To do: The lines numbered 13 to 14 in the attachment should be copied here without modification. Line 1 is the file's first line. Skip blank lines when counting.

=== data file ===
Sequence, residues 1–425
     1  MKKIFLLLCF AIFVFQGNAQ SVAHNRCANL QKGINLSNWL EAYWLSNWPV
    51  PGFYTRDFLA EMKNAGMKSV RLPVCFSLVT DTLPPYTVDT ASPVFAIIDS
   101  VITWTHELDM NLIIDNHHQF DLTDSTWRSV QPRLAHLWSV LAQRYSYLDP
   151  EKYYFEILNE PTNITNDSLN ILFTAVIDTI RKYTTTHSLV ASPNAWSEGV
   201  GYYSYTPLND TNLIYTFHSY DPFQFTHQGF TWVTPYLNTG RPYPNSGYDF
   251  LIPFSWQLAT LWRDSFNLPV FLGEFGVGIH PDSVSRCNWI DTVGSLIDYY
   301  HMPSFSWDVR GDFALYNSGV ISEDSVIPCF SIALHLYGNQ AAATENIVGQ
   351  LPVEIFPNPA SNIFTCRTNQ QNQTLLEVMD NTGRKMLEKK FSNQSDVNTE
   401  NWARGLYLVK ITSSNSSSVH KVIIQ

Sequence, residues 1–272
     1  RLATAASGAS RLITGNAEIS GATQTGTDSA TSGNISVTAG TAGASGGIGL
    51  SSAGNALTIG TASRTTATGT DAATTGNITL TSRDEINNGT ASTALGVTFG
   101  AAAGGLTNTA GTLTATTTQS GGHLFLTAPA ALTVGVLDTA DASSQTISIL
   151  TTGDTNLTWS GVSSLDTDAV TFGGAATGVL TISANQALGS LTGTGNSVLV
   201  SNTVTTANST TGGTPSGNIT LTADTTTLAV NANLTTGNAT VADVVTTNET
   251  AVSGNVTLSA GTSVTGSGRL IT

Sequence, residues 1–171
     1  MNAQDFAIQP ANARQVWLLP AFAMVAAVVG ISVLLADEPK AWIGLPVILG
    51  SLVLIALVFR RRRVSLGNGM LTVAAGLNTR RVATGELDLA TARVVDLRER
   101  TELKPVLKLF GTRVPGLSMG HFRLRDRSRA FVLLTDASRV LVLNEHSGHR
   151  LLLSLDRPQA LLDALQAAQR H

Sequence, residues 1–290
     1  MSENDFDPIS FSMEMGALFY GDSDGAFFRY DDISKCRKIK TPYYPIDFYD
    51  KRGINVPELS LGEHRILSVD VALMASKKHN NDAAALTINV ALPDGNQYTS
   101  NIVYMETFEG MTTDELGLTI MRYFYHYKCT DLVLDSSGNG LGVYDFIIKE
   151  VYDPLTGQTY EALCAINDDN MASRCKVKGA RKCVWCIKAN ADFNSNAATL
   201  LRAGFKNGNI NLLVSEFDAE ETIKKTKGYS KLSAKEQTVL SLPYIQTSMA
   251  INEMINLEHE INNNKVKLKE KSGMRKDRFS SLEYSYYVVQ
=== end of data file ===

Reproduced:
    51  SSAGNALTIG TASRTTATGT DAATTGNITL TSRDEINNGT ASTALGVTFG
   101  AAAGGLTNTA GTLTATTTQS GGHLFLTAPA ALTVGVLDTA DASSQTISIL